WATER, RUNNING AND THE ACTIVE LIFESTYLE THAT CHANGES YOU

Ayesha Broacha (Photo: courtesy Ayesha)

Photographer, illustrator and recreational athlete, Ayesha Broacha started running ten years ago primarily to build her stamina. Soon, she was participating in running events in Mumbai, Delhi, Goa, Hyderabad, Satara, Bengaluru, Ladakh and Durshet among others.

In 2018, she enrolled for the open water swim called Swimathon, organized by Enduro Sports. She participated in the two kilometers discipline. In 2019, she enrolled for five kilometers and two kilometers. In the five kilometers swim, she finished on the podium – third position in the age category of 40 years plus for women. This is her journey; in her words:

Friday, a day ahead of the 5 km discipline at Swimathon, I went for a swim in the sea. It was an attempt to get a feel of the water, where the event was scheduled to be held. As soon as I put my face in the water, I began to have a panic attack. The water was muddy. I was overcome with claustrophobia and my heart started pounding so fast that I seriously doubted being able to continue. I was very concerned about my ability to attempt the swim the next day.

This was not the first time I was doing an open water swim.

Last year (2018), I had attempted the two km swim and thoroughly enjoyed it. It was enough to prompt me to register not just for the 5km category this year but also the 2km one the following day. In 2018, I had swum the distance using breast stroke. This time around I was attempting to cover the distance swimming freestyle. The change in style required me to be face down in water more often. Breast stroke spares you that. The trial in sea turned muddy, wasn’t at all comforting.

On the day of the event, I was very nervous, and couldn’t shake off the discomfort of the previous day’s experience. I got into the water trying my best to rationalize with myself. However as soon as I put my head in the water, once again I felt suffocated. My goggles felt too tight, and I contemplated taking my ear plugs out even though I knew that water in my ears wouldn’t be a pleasant sensation. I started doggy paddling just to stay afloat and calm myself. I was the last one to get going in the race, which didn’t do much for my confidence either. But I knew that if I got started, I would be able to finish the swim, strong.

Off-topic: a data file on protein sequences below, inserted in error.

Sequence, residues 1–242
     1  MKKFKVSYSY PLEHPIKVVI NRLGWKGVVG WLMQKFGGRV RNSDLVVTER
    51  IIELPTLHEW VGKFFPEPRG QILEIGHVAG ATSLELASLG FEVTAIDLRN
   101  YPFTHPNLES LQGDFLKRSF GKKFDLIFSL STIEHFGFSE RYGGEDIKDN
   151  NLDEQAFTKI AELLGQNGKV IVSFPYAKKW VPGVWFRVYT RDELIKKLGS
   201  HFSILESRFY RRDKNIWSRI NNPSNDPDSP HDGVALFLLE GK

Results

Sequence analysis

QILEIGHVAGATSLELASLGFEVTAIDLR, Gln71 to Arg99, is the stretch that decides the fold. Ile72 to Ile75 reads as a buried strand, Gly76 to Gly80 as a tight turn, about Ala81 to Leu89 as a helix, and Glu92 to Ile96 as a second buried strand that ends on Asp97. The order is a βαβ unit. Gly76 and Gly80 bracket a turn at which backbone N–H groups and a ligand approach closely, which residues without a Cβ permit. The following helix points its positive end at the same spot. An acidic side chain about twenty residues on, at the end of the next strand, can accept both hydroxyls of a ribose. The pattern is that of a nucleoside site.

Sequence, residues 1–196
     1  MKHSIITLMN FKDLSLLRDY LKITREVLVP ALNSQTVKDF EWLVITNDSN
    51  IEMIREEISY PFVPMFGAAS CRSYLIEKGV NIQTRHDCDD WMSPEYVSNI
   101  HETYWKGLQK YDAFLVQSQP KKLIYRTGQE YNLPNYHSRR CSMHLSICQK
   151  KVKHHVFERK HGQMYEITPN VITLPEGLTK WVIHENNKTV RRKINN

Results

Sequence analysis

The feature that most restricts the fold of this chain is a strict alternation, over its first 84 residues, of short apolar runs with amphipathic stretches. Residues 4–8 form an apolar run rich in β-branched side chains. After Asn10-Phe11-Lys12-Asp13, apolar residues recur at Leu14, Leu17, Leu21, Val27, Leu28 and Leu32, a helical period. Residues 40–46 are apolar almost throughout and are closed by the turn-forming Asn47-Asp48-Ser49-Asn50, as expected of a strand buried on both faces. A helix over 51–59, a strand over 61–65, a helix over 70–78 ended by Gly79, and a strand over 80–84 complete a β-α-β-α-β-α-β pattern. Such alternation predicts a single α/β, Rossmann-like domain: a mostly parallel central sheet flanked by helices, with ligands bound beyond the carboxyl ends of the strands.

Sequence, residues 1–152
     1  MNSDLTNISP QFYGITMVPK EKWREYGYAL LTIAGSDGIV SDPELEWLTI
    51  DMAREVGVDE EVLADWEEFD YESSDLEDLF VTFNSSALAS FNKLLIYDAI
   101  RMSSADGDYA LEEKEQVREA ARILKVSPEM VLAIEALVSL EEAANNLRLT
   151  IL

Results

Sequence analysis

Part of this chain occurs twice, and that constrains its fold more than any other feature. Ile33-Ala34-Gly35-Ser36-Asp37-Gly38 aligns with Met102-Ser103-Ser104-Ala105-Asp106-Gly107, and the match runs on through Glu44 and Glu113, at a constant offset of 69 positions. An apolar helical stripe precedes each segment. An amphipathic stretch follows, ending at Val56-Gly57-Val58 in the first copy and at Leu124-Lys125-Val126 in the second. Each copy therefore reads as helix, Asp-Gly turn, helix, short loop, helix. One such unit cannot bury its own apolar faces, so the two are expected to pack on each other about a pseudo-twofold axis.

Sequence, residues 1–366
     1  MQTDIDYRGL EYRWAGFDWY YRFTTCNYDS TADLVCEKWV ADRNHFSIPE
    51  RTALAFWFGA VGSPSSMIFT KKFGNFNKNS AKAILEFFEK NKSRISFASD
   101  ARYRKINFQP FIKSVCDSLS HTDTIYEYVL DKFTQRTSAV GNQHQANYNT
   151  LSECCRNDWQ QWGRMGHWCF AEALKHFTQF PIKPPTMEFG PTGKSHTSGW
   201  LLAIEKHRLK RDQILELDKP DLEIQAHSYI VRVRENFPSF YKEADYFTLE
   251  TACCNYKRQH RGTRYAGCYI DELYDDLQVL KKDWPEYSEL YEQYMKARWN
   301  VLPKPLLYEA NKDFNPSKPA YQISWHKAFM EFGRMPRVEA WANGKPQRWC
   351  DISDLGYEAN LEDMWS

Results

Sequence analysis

Ayesha Broacha (Photo: courtesy Ayesha)

The 5 km distance had to be covered in four stretches of 1.25 km each. It basically meant swimmers had to do two loops of 2.5 km. After my slow start I managed the first 1.25 km stretch quite well though the current was strong. The turnaround was easy. By the time I got to the second loop the current in the sea had become stronger. It was hard, swimming. The last 200 meters before the next turn was tough. In spite of swimming as hard as I could, I found I wasn’t moving forward. The current was so strong. By the time I got to the turnaround point I was elated, the finish was in sight. I could feel every muscle on my back. The return was not easy either. By then the tide was high and staying on course was challenging.

I finished my swim in three hours, ten minutes and forty-four seconds. The longest I have ever swum at a single stretch in my life till now!